The Unintentional ‘Dieselgate’ of Usability Testing: Why Well-Tested Products Fail
Usability tests need to imitate the real world as much as possible. Because, it doesn’t matter if users excel in the lab, if they fail out in the field. Design Psychology applies its deep understanding of human psychology to create usability tests that accurately replicate real-world scenarios. The result is products that work better than your competitors.
✎ By Rune Nørager, August 2019
Key takeaways from this article:
– Usability tests needs to be carefully designed and executed by human factors specialists.
— Don’t risk product recalls or swamped support hotlines due to biased usability testing.
— Usability should be part of the business case.
Why Well-Tested Products Fail All The Time
Products fail all the time. But not because they aren’t rigorously designed and tested. On the contrary. Many products fail in the hands of users despite thorough usability testing.
But it’s not the users who are getting it wrong – it’s the usability tests that are wrongly designed. Usability tests under laboratory conditions can often help users to perform far better than they would in a real-world scenario. The result is suboptimal products and frustrated users, which ultimately threatens your company’s bottom line.
When the Lab is a Distorted Reality
A good analogy is the ‘Dieselgate’ scandal. In 2015, it was revealed that some of Volkswagen’s diesel models switched into a low emissions mode if they were being tested in a lab. This meant that the engines were highly efficient in a laboratory setting, but out on the road they emitted substantially more than the legal limit. In other words, the cars were intentionally programmed to over perform in laboratories.
Usability tests can also switch users into a high-performance mode. But unlike Dieselgate, their over performance is often unintentional. It’s an accidental impact of tests that don’t follow rigorous testing methodology, and carried out by unskilled testers.
Tests That Set Users Up to Succeed
Imagine this scenario. A usability test moderator invites a subject into a laboratory to test a product. The moderator gives the subject a detailed brief and tries to make them as comfortable as possible. The subject has all the food and drink that they need and plenty of time to use the product. The moderator asks the subject to speak their actions aloud and voice their continuous stream of thought.
The test subjects perform well and the product appears to be ready for the market. But when it ends up in the hands of real users, they start to run into usability issues – issues that were not identified during the tests.
This is because the testing methodology set the users up to succeed. They weren’t hungry, thirsty or uncomfortable. They had no time pressure or lacked information. And they were protected from distractions and kept focussed on the task at hand by being made to recite their actions and thoughts out loud.
Under these conditions, the test subjects were able to draw upon their brain’s most powerful and analytical mental tools. This makes them incredibly effective problem solvers. So when they are presented with a product, they are primed to be able to decipher how best to use it – they see, think then act.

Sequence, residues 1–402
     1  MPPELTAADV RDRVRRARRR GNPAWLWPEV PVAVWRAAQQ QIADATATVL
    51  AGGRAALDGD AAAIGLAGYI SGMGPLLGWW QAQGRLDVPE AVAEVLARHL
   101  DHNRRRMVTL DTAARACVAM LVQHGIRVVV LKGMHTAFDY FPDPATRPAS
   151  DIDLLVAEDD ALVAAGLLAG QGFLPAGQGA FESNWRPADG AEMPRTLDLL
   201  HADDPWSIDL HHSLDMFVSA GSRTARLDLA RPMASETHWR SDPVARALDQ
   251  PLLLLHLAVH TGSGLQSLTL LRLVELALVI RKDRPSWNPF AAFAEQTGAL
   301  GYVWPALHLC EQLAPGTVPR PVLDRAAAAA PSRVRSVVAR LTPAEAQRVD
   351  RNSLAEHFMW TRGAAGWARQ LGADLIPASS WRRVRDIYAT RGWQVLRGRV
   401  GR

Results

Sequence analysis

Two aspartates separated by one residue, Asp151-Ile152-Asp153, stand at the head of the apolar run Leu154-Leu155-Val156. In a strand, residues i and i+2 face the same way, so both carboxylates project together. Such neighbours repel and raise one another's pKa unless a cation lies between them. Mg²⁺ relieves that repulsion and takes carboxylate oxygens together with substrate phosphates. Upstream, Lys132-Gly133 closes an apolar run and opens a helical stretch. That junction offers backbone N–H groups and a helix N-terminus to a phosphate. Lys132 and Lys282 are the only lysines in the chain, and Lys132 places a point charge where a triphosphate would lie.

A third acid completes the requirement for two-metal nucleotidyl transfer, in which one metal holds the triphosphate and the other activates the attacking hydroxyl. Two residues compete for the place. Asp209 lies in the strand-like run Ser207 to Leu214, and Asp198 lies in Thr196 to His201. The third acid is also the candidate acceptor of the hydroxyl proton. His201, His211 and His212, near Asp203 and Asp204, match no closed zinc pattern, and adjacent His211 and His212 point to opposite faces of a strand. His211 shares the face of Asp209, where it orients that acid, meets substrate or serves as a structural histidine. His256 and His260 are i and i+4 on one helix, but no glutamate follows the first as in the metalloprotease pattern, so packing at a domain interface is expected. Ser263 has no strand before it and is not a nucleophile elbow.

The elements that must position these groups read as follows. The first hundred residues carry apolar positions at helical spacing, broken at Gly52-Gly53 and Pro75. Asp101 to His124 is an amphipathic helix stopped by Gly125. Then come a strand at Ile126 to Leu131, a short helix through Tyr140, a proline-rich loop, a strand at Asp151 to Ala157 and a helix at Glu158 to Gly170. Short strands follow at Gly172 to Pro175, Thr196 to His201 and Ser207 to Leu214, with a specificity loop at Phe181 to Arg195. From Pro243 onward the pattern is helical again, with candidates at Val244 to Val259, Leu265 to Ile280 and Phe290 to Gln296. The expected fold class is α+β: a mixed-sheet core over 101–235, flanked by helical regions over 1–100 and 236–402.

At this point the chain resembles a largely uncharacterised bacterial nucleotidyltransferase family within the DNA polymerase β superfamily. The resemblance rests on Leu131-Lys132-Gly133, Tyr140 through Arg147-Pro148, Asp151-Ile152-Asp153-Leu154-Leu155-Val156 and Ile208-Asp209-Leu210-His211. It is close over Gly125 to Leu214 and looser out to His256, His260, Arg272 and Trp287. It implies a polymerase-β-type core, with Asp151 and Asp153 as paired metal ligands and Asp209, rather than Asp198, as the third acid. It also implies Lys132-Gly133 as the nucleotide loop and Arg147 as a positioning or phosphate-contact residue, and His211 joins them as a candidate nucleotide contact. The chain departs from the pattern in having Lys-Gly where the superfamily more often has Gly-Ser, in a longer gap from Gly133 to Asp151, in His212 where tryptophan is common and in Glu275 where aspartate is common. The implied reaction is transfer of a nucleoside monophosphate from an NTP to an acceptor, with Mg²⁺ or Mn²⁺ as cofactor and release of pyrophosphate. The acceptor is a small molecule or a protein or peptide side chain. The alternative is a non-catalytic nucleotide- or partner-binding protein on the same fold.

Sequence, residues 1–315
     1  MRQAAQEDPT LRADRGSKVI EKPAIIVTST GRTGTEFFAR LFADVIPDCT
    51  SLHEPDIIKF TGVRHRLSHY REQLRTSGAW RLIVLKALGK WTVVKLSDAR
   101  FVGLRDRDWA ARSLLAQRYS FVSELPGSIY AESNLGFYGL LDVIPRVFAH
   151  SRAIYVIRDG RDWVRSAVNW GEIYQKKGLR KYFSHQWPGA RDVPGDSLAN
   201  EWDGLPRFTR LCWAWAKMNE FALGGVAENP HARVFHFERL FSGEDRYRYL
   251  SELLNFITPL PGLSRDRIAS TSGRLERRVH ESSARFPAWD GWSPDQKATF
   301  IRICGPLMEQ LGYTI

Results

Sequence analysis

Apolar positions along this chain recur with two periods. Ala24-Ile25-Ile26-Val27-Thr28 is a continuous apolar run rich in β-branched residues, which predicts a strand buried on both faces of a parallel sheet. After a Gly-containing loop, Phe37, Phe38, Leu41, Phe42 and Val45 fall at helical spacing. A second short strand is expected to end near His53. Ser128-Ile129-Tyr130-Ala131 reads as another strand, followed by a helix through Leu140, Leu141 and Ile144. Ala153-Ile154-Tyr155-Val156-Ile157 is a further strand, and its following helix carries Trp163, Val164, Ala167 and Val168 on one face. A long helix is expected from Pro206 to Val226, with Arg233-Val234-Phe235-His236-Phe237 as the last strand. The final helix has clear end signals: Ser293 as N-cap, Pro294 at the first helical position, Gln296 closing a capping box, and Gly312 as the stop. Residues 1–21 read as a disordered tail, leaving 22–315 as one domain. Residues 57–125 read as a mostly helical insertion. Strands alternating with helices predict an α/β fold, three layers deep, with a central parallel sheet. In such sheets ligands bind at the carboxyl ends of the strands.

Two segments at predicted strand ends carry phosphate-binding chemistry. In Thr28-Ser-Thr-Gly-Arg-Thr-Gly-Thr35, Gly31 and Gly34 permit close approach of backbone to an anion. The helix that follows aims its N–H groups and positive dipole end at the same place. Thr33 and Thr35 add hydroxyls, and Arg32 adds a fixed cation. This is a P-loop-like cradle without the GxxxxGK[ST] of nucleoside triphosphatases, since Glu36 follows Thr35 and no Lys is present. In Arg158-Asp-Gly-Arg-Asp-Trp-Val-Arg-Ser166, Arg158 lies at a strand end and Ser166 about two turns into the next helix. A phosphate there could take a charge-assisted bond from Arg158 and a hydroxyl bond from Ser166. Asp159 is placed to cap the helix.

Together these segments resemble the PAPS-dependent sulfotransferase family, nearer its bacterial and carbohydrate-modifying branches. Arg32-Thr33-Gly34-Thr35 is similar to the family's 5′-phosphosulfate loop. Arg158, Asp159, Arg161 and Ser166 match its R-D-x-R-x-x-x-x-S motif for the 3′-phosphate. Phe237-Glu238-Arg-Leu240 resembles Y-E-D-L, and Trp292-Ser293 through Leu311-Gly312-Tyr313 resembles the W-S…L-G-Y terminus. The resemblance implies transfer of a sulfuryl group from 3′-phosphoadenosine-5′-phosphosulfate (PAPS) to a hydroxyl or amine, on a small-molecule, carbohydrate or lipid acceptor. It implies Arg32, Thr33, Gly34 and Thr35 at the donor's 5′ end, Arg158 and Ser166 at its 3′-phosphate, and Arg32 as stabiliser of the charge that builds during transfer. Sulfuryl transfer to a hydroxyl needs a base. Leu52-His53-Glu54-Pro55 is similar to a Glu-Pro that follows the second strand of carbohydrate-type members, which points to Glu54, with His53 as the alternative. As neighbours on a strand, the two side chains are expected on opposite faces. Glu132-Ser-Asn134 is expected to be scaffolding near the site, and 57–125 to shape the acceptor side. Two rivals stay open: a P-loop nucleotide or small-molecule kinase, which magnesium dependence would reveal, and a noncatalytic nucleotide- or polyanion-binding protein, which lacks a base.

Testing our Thoughtless Behaviour
The above scenario is how textbooks still tell us to carry out a good usability test. But, is it actually a good way to test a product, if the product is meant to be used under pressure in the field? The short answer is ‘no’.
Many products are normally used while the user is in an intuitive state – when we presume, act, and then we think. In which case, the usability test needs to reproduce a user’s ‘normal use mode’. Otherwise, the product won’t work as well in the field as it did in the lab.
Getting test subjects to interact with a product in a normal use mode can be tricky. But it’s absolutely essential if we are to get valid results about how users will interact with the product in the real-world.
Handle the Brain with Care
At Design Psychology, we are experts at understanding how the brain works. And we apply this knowledge to create usability tests that place test subjects in a mental state that mirrors a real use scenario. We remove bias and add knowledge.
For example, to stop users drawing on their conscious analytical mental tools, we could play music, introduce random distractions, or increase their stress levels. The right strategy depends on a range of factors that are determined by the type of product, its design and its intended use.
Good Usability Testing is Business Critical
Here’s one example. Radiometer Medical came to Design Psychology with a specific goal – to demonstrate that a product works well in an emergency hospital setting. So, we designed tests that put the test subjects under stress and kept redesigning the product until it could perform under these conditions.
Radiometer Medical now have a product that is best-in-class. But they can also promote the high level of attention that was taken to ensure it is easy to use when it counts. Getting usability right means outperforming competitors – and that’s a good business case.
In other words, we are in the business of knowing what we are doing. We have different ways of designing a usability test to avoid systemic biases. And we know how to test the right type of mental tools depending on the actual intended use – not an artificial scenario with no real-world application.
Want to know more? Get in touch with Design Psychology CEO Rune Nørager.